Tech is No longer the most trusted sector in 13 markets globally - a new record.

Trust: one of the easiest things to lose and one of the most difficult to win back. Over the years, the tech industry, especially social media companies, have been dealing with “techlash” – a word so applicative it came in second for the Oxford Dictionary’s 2018 Word of the Year.

Although building trust has become a top priority for most companies their efforts are falling short of stakeholder expectations. The 2020 Edelman Trust Barometer Special Report: Trust in Technology reveals that trust in tech globally is down 4 percent YOY, with the largest declines in:

  • France: 10 percent 
  • Canada, Italy, Russia, Singapore: 8 percent
  • U.S.: 7 percent
  • Australia: 6 percent

The trust gap may be small (now), but it is reflective of consistent concerns around regulation, retraining and the societal impact of innovation. In short, tech’s halo effect is fading, and the sector is losing its trust advantage at a time when new technologies could put more doubts in the minds of stakeholders if the impact of their innovations are not presented in a balanced way-transparently, competently and ethically.

Overall, 2020 Trust Barometer respondents feel that technology is spinning out of control:

  • The pace of technology is too fast: 61 percent
  • I worry technology will make it impossible to know if what people are seeing or hearing is real: 66 percent
  • Government does not understand emerging technologies enough to regulate them effectively: 61 percent

The study also revealed that the technologies fueling the sector are lacking the same level of trust as the sector overall. Emerging technologies such as artificial intelligence, virtual reality, Internet of Things and 5G are distrusted in key markets such as the UK, U.S., France and Germany. Fear of artificial intelligence, deep fakes, automation and other emerging technologies make for visual, consumable and sensationalized news reports.

This reality underlines the importance for companies to own their narrative and be transparent about the benefits as well as possible downsides of technologies. The data further proves the point: 54 percent of respondents said that communicating the downsides as well of emerging technology would ultimately increase their trust. An important step that companies could take is to create a code of ethics regarding their application of technology. Forty-nine percent support this strategy, showing how top-of-mind it is for consumers, and should be for tech companies.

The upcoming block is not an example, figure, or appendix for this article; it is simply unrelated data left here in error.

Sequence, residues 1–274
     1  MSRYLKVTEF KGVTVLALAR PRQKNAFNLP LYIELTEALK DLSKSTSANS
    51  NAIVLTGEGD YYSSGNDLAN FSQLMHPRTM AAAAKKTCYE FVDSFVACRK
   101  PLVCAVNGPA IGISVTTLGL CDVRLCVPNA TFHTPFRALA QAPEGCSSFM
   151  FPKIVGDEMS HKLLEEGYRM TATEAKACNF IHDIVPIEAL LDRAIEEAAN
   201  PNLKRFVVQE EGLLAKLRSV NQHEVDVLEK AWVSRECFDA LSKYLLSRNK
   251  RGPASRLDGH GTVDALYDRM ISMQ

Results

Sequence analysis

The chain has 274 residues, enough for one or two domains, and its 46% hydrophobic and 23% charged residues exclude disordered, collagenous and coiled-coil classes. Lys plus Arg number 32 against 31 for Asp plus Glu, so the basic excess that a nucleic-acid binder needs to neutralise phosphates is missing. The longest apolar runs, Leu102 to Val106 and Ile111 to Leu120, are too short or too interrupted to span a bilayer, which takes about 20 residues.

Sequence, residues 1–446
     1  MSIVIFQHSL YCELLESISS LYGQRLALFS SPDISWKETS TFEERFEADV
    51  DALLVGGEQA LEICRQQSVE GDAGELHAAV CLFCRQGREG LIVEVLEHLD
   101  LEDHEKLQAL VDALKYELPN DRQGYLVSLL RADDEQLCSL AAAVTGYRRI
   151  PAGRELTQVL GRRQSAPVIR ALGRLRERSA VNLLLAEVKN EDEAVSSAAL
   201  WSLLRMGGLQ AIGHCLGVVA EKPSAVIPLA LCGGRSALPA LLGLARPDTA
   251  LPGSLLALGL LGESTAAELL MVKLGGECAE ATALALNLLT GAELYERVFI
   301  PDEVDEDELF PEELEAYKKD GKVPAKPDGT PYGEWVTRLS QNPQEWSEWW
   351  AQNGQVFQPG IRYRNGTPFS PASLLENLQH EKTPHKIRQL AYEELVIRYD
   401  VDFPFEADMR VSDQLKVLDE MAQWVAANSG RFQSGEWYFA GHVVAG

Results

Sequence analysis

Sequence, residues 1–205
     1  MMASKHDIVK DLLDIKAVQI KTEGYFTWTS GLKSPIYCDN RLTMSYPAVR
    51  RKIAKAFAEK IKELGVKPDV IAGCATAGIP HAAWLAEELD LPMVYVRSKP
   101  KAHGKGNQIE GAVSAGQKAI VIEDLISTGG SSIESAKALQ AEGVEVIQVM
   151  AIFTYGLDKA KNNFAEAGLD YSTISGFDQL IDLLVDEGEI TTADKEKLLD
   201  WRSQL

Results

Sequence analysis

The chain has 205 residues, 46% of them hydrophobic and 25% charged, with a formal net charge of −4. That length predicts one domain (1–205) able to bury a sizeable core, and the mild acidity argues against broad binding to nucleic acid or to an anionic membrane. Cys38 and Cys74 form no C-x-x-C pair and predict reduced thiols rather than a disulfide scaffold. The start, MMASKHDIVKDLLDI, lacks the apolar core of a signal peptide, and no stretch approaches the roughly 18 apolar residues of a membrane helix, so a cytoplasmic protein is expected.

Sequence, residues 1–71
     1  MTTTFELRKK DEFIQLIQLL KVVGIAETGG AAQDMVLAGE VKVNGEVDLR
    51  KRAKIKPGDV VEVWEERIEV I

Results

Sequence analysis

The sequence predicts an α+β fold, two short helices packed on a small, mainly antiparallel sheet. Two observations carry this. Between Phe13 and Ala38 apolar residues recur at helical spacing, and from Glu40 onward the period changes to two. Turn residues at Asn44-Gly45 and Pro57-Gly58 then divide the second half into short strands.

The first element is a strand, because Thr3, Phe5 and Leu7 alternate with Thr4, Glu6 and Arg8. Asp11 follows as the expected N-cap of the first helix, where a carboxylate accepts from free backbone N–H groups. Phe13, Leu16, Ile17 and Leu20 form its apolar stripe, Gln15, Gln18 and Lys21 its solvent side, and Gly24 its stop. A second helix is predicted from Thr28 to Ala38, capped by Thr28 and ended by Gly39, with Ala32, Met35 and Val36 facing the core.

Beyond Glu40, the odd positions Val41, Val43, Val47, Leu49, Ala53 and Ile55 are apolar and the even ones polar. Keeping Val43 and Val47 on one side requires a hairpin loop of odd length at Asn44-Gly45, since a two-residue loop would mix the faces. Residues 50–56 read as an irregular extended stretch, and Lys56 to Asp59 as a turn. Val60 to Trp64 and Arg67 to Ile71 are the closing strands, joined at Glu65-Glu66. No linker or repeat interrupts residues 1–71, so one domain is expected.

The benefits of a trusted business are crucial and can truly determine whether your product is given the license to operate. The direct relationship between trust in a product and consumer desire for greater regulation is made apparent in the survey; only 39 percent of respondents believe trusted technologies should be regulated, while 56 percent believe that distrusted technologies should be regulated.

Trust in technology has been declining for several years and is highlighted by one significant data point: What can we trust is real? Seventy-six percent worry that “false information or fake news being used as a weapon” was agreed to 76 percent of the time – that’s a 6 percent jump since 2018.

In the current climate the zeitgeist is jittery. The Trust Barometer results show 49 percent distrust government. To bridge the trust gap, the public is looking for CEOs to speak out on major issues, at 92 percent for the general public and 95 percent for tech sector employees.

The Trust Barometer also shows the critical importance of partnerships between business and government, especially when it comes to jobs and retraining. This new “algorithm of trust” – collaboration between business, government and NGOs - is crucial for society to embrace technology as an enabler for the greater good.

This is a tech industry “legacy” story that maps back to Silicon Valley’s “it’s not a bug, it’s a feature” when explaining to the public, often poorly in the past, that once a product is launched, it’s up to the consumers to figure it out. Or viewed another way, the outcome of a series of unintended consequences.

Putting tech back at the top of the Trust Barometer will entail:

  • Explaining the good, the bad and the ugly about emerging technologies like AI, 5G and IoT
  • Embracing all stakeholders (not just shareholders)
  • Engaging and activating employees as ambassadors
  • CEOs leading from the front on issues that matter
  • Companies forming coalitions with other institutions to ensure tech benefits everyone

In a charged presidential election year, trust will be an even more valuable – and volatile – asset to not only manage, monitor and maintain, but also to leverage and nurture our social fabric and way of life.

Sanjay Nair is global chair, Technology.